How to Breed a Tasty Cricket
A handful of companies in the U.S. are teaching themselves how to raise the insects for human consumption—and hoping that American diners will like the result.
It’s hard to hear anything over the chirping. Cardboard boxes filled with egg cartons and sheets of plastic buzz with thousands of young-adult crickets calling out to one another to mate. The brush of the insects’ legs against the various surfaces sounds like hail on a tin roof. Their feed, which sits on top of the cartons on paper plates, looks like a cross between sawdust and sand.
Gabriel Mott, the chief operating officer of Aspire Food Group, yells above the noise and points inside one of the boxes. “You see the one with the wings?” he asks. “That’s a female. They get their wings at their final stage.”
We’re standing inside an old lumberyard in Austin, Texas, that Mott’s company has repurposed into an industrial cricket farm. The 13,000-square-foot space contains multiple rooms stacked with hundreds of boxes, each one home to crickets living through their six-week life cycle. Cricket farmers and geopolitical futurists speculate that entomophagy, the practice of eating insects, considered ordinary in other countries, could eventually be considered normal in the West.
Many entomophagy proponents claim that 80 percent of the world’s nations eat insects, a figure that’s often cited but difficult to substantiate. Mott believes that the number is misleading. He points to a more conservative estimate from the Food and Agriculture Organization of the United Nations, which says 20 percent of the world’s consumers eat insects. Regardless of the precise number, though, relatively few members of the world’s insect-eating population reside in Western countries, the market that Aspire is trying to win over. Mott and others at the forefront of the country’s burgeoning cricket-farming industry are banking on the risky proposition that a taste for insects in the West will jump from obscurity to trend to normalcy.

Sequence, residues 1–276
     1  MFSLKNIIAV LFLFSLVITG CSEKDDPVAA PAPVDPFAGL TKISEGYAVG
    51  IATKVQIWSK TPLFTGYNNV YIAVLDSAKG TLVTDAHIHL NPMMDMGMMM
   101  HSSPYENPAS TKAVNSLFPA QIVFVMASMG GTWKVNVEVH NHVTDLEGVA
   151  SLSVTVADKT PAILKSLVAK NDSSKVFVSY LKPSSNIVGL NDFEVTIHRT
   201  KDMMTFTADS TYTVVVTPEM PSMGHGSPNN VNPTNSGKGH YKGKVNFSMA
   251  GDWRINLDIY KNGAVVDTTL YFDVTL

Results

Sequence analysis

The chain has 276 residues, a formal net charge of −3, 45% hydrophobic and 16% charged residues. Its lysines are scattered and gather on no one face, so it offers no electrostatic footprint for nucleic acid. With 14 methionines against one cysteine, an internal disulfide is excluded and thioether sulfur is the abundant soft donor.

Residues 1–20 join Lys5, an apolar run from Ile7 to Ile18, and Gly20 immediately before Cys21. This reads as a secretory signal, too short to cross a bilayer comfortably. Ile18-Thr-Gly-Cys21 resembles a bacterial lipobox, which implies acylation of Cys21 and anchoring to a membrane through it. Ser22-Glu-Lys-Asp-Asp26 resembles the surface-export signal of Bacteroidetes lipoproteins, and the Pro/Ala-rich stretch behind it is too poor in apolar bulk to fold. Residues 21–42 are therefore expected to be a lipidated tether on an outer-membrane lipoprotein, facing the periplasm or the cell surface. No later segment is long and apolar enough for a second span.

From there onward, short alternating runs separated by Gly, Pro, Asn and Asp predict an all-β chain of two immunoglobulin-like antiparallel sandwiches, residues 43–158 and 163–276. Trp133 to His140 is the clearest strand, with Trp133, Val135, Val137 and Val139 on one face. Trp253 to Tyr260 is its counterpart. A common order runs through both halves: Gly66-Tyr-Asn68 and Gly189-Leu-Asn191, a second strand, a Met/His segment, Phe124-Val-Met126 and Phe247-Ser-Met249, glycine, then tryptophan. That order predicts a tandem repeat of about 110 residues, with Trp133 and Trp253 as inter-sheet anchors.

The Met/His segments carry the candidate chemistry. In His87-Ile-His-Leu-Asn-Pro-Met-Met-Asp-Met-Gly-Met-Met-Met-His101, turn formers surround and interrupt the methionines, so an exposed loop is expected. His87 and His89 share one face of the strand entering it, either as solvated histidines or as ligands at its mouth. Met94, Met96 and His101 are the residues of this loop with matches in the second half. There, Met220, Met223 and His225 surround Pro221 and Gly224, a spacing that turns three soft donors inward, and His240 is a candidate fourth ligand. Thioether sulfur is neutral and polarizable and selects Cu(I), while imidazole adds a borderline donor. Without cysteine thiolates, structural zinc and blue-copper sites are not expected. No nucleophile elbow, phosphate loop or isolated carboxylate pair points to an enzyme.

The practice of farming crickets for human consumption is still in its infancy in the U.S., and the crickets here are participating in an experiment to discover how to create a better edible insect. Like with most livestock, there are a number of variables—temperature, humidity, feed, water sources, housing—that are constantly adjusted to create a bigger, tastier, and more nutritious product. The crickets live to breed and then meet their deaths at the hands of an industrial freezer. Eventually, they are churned into cricket powder or sold wholesale to restaurants or companies making cricket products, like Exo’s cricket-flour protein bar or Bitty Foods’s cricket baking flour.